The Lords of Strategy: The Secret Intellectual History of the New Corporate World MP3 CD – Audiobook, MP3 Audio, Unabridged
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About the Author
Walter Kiechel III is the former Editorial Director of Harvard Business Publishing, former Managing Editor at Fortune magazine, and author of Office Hours: A Guide to the Managerial Life. He is base in New York City and Boston.
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The author dispassionately narrates the 'story' - without taking sides, and without getting overwhelmed by the subject matter, or without spewing vitriol towards the much-maligned profession of consulting. He explains the approaches of stalwarts like Bain, Gluck and Porter, and how they helped shape the consulting space.
What I really liked about this book is that it is not aimed at CxO-level people. Even as a comparatively new entrant to consulting (or even as an outsider), you can learn much about the consulting evolution.
This book is definitely going to stay on my list of business must-reads for a long time to come.
Most helpful customer reviews on Amazon.com
It was interesting for me to learn along the way how each firm looked at itself (McKinsey - the champions of C-Suite relationships, BCG - pioneers of many strategy constructs drunk on its own intellect, Bain - impact stock price over multi-year engagements & the like). The other interesting part was that this story is not just the story of consulting firms & their businesses. It is also a story of Harvard Business School & how its curricula, faculty, & the overall MBA program changed over the years on the back of Porter's contributions to strategy. Thirdly, nothing of any significant impact has been tabled supporting people as a strategic asset though right from Tom Peters & many others like him have never really had any dearth of constructs (The S Curve, for example) that center on people as a strategic asset. Along the way, came the stark definition of strategy parred down to "means of creating shareholder value" culminating in PE firms - the ultra-rational business - that became big recruiters of strategy firms. The breakdown of the value chain model of a business tying suppliers, financiers, businesses & consumers started to wobble with the coming of the internet & the ensuing search for a new model to led rather esoteric "network models" that nobody could implement.
The twenty first century story of strategy, as you'd imagine given the collapse of the financial system, is not the most redeeming. And while a bulk of blame might reside within both the actual financial services companies & the lax regulatory environment, Kiechel points out that these Financial Services companies were all great recruiters of strategy consulting firms, albeit by the time of the crisis, these firms were no longer in the C-suite as much as they used to be earlier. Having said that "strategy as risk management", many concede, was a concept that never really took off. The final chapter is really a lot of very interesting speculation on the future of strategy & how to build strategy in the DNA of organizations, how strategy needs to be "adaptive" & the kind of organization that'll thrive is a learning & a democratic one where strategic insights are fostered from just about anywhere & these are then assimilated into the organization's functions.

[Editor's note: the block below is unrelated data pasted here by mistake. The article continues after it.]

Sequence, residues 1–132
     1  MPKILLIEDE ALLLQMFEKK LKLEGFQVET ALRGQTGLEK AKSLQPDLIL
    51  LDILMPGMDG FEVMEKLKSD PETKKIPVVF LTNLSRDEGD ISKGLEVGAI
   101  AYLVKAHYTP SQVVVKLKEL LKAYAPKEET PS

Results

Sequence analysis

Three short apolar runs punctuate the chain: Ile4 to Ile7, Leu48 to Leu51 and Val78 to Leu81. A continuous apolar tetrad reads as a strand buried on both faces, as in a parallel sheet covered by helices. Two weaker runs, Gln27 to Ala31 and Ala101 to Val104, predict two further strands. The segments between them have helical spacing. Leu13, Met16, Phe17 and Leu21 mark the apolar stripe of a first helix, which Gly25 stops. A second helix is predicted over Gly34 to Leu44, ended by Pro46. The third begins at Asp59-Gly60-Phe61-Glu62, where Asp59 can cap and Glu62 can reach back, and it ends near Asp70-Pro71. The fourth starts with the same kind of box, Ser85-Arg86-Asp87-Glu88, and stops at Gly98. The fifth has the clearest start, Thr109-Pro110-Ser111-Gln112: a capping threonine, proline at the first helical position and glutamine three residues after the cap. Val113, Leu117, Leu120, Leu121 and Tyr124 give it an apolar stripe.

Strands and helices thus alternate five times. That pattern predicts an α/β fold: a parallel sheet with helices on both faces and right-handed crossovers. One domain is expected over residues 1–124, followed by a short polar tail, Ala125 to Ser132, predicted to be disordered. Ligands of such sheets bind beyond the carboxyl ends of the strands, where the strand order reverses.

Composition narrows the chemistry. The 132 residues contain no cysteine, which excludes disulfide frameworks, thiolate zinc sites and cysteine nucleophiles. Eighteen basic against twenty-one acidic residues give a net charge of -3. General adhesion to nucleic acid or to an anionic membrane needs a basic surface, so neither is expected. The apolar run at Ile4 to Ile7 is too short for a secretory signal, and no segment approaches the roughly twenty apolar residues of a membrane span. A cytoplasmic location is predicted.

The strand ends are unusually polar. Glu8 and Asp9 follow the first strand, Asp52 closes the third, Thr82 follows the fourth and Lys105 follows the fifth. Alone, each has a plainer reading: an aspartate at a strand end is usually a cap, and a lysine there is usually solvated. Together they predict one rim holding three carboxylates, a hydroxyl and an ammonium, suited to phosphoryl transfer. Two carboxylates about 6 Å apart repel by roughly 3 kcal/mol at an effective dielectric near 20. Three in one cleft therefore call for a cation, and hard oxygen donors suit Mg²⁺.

All in all, this is a story of remarkably gifted people, high on analytical ability, aggressive & champions of devising constructs that had a tremendous impact on many businesses & lifted the business school from the lower rungs of the academic ladder to one of the top ones.If nothing else, this one fact remains indisputable.
I do wish that the book went beyond the idea that Strategy is a vocation will go further into a metamodel of how people make or break organizations and markets. For a book written post 2008 , we hear less of how the lords of strategy ( past and those evolving now) understand the impact of widespread access to information and data as well as the ability to rapidly process information to develop and prove/disprove hypotheses.
However, the book is an absolute must-read for anyone with an interest in the profession of strategic planning and strategy consulting.
From a pure history perspective, this book is fantastic. It does not seek to impart to the reader an ability to develop or apply strategy, rather it gives the practitioner a solid understanding of where the tools came from and how their use has evolved.
Unfortunately, it appears the author was not writing to a general business audience as his use of words found only in the higher reaches of academia and references to obscure social contexts will drive many readers away. The author clearly posses a strong command of the english language, I prefer books where it is used to enhance readability.
I would have rated the book 4 stars but the choice of obscure words and references brings this book back to a 3 star rating from me.